Dr. A’s Glasses

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Dr. Babasaheb Ambedkar’s iconic glasses were the theme of the day for Team CJAM. Yesterday, we got a green light for our concept and we now had 2 days to pull it all together in time for the final presentation on Friday. By using Dr. A’s glasses as a symbol for our awareness campaign, we could tie the Indian constitution to the cause while also speaking of Dr. A’s vision for equal human rights.

The tactic for the day was to divide and conquer: Hannah, Nicole and I visited Pune in the morning while Ali and Sonali stayed behind to prepare for filming at Dehuroad. The Pune goers spent a long hour and a half on the train to get into the big city. We were on a strict mission to print templates of Dr. A’s glasses and gather art supplies for our group’s video. Oddly enough, the first print shop we visited was on Dr. Ambedkar Road. His presence was felt via an elevated full length bronze statue of the great man which overlooked the busy boulevard of pedestrians and auto rickshaws. Following our errands, we managed to squeeze in a quick visit to Naturals for fresh scoops of chiku, mango, coconut and almond ice creams. If there is one thing I’ll be craving once we’re home in Canada, it will be Naturals!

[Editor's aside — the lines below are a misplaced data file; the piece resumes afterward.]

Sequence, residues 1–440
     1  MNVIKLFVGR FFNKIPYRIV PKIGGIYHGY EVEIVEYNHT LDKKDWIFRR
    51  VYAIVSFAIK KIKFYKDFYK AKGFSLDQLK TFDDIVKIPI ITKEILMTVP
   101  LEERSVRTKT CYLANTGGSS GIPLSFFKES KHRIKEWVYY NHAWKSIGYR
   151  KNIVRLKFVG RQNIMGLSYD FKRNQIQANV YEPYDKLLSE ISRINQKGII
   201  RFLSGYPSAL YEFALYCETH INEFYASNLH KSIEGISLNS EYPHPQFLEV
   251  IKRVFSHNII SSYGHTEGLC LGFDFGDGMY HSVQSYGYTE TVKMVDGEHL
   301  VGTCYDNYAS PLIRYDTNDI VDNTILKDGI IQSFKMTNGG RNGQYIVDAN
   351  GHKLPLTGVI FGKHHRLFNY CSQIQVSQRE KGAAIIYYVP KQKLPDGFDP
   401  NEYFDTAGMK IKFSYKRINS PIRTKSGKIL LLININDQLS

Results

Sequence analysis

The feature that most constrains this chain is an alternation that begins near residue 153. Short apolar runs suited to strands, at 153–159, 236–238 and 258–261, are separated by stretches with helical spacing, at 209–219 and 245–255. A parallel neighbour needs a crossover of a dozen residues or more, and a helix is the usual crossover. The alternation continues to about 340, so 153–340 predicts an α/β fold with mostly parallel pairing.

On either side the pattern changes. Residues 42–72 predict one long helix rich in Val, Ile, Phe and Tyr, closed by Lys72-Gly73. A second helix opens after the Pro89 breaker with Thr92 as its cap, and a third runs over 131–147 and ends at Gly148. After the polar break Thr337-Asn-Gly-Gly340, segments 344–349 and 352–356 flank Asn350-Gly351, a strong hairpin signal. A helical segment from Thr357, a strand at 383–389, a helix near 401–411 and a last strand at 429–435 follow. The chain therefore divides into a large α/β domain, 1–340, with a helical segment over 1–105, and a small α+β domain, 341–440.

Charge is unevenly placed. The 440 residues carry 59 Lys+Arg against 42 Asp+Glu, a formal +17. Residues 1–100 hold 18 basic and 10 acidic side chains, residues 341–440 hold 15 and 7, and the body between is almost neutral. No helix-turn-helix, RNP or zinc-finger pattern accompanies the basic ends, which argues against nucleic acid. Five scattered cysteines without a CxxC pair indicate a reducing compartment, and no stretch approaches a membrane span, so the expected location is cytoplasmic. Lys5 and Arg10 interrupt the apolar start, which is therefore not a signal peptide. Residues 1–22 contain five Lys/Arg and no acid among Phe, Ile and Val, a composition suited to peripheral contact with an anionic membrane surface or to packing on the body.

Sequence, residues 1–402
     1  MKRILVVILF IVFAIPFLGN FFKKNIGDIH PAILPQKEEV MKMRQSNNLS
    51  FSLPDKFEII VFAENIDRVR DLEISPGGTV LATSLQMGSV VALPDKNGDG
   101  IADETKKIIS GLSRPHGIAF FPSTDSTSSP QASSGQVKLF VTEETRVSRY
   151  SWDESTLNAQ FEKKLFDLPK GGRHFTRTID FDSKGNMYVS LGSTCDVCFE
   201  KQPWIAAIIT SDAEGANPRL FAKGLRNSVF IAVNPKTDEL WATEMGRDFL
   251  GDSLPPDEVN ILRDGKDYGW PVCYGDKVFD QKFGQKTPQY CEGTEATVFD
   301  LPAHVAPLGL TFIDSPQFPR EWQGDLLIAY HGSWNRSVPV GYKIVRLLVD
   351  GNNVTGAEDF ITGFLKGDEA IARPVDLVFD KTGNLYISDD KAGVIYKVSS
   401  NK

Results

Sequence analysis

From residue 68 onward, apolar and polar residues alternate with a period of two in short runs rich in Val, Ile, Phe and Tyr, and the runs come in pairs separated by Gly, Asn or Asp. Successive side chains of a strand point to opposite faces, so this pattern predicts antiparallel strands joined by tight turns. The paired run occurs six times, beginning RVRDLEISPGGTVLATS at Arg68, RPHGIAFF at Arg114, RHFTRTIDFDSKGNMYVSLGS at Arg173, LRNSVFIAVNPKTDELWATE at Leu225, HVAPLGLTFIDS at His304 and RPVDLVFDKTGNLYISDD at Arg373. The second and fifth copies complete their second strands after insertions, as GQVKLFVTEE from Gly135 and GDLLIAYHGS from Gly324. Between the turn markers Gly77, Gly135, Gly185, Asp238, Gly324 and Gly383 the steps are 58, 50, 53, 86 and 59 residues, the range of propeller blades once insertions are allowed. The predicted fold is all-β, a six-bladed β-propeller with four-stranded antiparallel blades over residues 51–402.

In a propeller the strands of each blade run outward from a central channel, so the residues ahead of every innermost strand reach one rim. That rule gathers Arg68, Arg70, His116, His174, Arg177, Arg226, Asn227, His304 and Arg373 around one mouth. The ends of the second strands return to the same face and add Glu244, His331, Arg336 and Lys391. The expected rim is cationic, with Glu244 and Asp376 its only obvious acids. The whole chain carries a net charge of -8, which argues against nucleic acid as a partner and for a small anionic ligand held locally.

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In the afternoon, the team at Dehuroad began filming footage for our video. We wanted to involve as many members of the cantonment areas as we could, bringing together different communities and age groups. In our video, we wanted our local actors to literally and metaphorically share Dr. Ambedkar’s vision for equality. This was done through the passing and wearing of his iconic glasses. In post-production, we will cut the video to make it appear as though the actors are passing the glasses through space and time to another person in a different setting! Throughout the filming process, we were swarmed with community members hoping to take part or get a closer look. It was a great success. We now have momentum and tomorrow we will head to the great city of Mumbai for video and sound editing.

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A City Within a City

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When we think of a slum, a few issues immediately come to mind: poverty, high population densities, poor sanitation and infrastructure, etc. It does not occur to us that a slum can be an incredibly self-sufficient environment where community and industry thrives. Families living in slums are multi-generational, having a legacy that reaches back over 150 years; they call it home.

During our 2nd day in Mumbai, we were treated to an eye opening tour of the Dharavi slum, literally a city within a city, with Reality Tours (thank you, Nano!). With a population of about 1 million spread out over 2 square kilometers, Dharavi is considered one of the most densely populated slums in the world. It is also the most industrious. Dharavi is unlike the cold, dark slum depicted in the film Slumdog Millionaire. This area is in fact colorful and bustling with life.